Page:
20577.01 Knowledge Management

Class time: 9:00 - 11:50 a.m. & 1:00-3:50 p.m.                 Fall 2004
Days of classes: Aug. 28, Sept. 4, 11, 18, 25, Oct. 2, 9, Final Exam on Oct. 16.
Instructor: Dr. Chih-Yang Tsai Office: SBB 148, TEL: 257-2934 
Email: tsaic@newpaltz.eduURL: http://www.newpaltz.edu/~tsaic
Office Hours: Tues. & Thur., 1:30-3:30PM, other times by appointments

"Knowledge is the only meaningful resource today..."-- Peter Drucker.

Objectives: The main objective of this course is to address the importance of knowledge assets in gaining competitive advantages and to study some guiding principles on how to effectively managing knowledge assets. There are three major focuses in this course.

  1. Introducing various types of knowledge and addressing the issue of knowledge creation, organization, and dissemination.
  2. Investigating effective approaches to foster an organizational culture for knowledge creation and sharing.
  3. Identifying the best practices and pitfalls of Knowledge Management implementation and surveying KM tools/software
  4. Obtaining hand-on experience from analyzing the KM needs and recommending solutions to a regional organization.

Academic Integrity: please refer to the school's academic integrity page.

Prerequisite: MBA Foundation Courses

Textbook: 1. Knowledge Management - Challenges, Solutions, and Technologies, by Becerra-Fernandez, I., Gonzalez, A., and Sabherwal, R., Pearson Prentice Hall, 2004. (ISBN 0-13-101606-7)      2. My lecture notes.

Access to Blackboard Server: All announcements, homework assignments, transparencies used in class lecture etc. will be made available on the blackboard server.  Every student will get an account for the course.  Please check the announcement periodically for new events (Events will also be announced in class.)
Please read the first three chapters for our first class. Discussion questions will be posted when your blackboard accounts are setup by Computer Services.

Project subjects: The following three project subjects are defined for students to practice and go through the knowledge management solution process. They broadly defined with some sampled details that you can use as a starting point.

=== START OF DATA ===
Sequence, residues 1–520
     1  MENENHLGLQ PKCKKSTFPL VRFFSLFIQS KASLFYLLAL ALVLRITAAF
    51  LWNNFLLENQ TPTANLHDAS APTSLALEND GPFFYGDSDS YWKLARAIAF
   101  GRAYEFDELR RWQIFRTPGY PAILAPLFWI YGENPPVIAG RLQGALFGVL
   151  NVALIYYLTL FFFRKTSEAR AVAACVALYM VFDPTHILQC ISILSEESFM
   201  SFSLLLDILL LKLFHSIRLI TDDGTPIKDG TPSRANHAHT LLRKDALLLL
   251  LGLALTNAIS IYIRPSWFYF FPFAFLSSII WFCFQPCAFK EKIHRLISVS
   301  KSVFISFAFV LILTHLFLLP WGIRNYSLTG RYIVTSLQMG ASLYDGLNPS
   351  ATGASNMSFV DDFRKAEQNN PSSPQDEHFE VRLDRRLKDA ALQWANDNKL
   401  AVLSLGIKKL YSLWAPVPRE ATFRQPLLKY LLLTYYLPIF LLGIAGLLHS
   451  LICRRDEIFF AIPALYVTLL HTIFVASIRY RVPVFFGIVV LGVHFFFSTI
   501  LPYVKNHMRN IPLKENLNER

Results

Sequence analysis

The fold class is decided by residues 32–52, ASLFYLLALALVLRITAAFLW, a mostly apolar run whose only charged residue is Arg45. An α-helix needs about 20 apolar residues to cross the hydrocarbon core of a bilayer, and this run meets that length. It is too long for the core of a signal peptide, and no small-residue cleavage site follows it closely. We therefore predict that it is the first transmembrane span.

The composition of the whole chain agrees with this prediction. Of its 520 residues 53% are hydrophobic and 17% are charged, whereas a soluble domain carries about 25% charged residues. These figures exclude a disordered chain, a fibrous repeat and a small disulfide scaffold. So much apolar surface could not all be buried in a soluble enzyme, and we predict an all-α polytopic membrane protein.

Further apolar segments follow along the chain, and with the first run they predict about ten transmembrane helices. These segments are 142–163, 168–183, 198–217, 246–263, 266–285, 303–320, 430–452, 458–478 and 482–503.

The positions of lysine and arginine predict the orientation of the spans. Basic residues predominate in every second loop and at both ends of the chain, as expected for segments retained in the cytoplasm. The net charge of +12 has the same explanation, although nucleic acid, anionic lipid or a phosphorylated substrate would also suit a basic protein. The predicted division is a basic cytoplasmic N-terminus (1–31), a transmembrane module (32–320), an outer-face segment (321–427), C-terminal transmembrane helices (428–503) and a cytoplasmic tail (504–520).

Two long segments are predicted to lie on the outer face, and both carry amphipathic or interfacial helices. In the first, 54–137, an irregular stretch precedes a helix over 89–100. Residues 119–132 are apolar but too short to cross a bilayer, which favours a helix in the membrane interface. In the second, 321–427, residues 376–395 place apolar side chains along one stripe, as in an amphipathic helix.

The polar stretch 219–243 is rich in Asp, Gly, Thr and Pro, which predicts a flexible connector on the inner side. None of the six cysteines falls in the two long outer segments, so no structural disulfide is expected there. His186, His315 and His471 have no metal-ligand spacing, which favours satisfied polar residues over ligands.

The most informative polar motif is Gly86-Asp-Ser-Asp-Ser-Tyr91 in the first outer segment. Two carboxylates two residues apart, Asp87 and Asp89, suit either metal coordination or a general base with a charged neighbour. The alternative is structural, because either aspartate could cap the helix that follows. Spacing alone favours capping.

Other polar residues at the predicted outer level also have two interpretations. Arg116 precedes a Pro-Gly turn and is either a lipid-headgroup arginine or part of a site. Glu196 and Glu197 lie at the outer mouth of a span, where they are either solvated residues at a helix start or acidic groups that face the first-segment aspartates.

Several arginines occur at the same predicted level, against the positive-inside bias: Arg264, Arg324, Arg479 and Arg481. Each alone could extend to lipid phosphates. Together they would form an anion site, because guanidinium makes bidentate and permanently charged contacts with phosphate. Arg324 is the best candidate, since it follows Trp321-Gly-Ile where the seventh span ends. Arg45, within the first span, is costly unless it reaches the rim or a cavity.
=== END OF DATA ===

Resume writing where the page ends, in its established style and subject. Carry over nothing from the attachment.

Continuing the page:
1. Corporate Governance and Control: (focus -- critical business knowledge nowaday) Sarbanes-Oxley, IT governance/portfolio management
  2. Taxonomy and Search Engine: (focus -- organization and dissemination of knowledge) library of congress, google, XML, key words
  3. KM practice and Tools: (focus -- KM in action) best practice, software packages
We will use a municipal Housing Authority case as a reference to get some hand-on experience and to walk through the three project subjects.


  1. Each student is assigned one of the three project subjects during the first class meeting. Students start from the assigned subject to collect and document materials to be shared in the next class. After that, each student is rotated to the next subject area and repeats the same process taking as input whatever created by others in the previous week(s). The process is repeated three times until every student gets a chance to work on all three subjects. The purpose of the first three weeks (weeks 2 to 4) is to create an environment where knowledge is created and shared.
  2. By the end of the fourth week, each student chooses a topic among the three to further the project and organize the knowledge obtained in the next two weeks.
  3. In weeks 5 and 6, all students choosing the same subject work together to organize all materials created. This includes proper documentation where materials are organized to facilitate search. (This part includes both team work and individual effort.) Identifying key words based on taxonomy would be helpful.
  4. I will reserve some time every week in the afternoon session for discussing the project.

Grading Policy:

  1. Class Participation (20%): This includes attending classes in time (5%) and participating in class discussions (15%).(from week 2 to week 7)
  2. Weekly evaluation of projects (35%): 7% for each week from week 2 to week 6 -- 3% from peer review, 2% from instructor review, 2% from user review
  3. Final Project Report and Presentation (20%): 10% for individual work and 10% for team work
  4. Final Examination (25%): Test your general understanding of the subject area. Specific details will be announced before the test.
  5. Grades are non-negotiable. Your grades are based purely on your performance on the items listed above. The instructor will not change your grade except for curves given to all students and errors in grading tests and recording scores.
The process of completing the project itself is considered a KM practice. As a result, a great portion of your overall performance is based on the weekly progress and final report of the project. To encourage knowledge creation and sharing, we will develop a peer review system to reward good work. Among the 7 points assigned for each weekly report, 3 points come from the feedback of the whole class; 2 points come from the evaluation from the instructor and another 2 points come from the students who use your materials as input in the following week.

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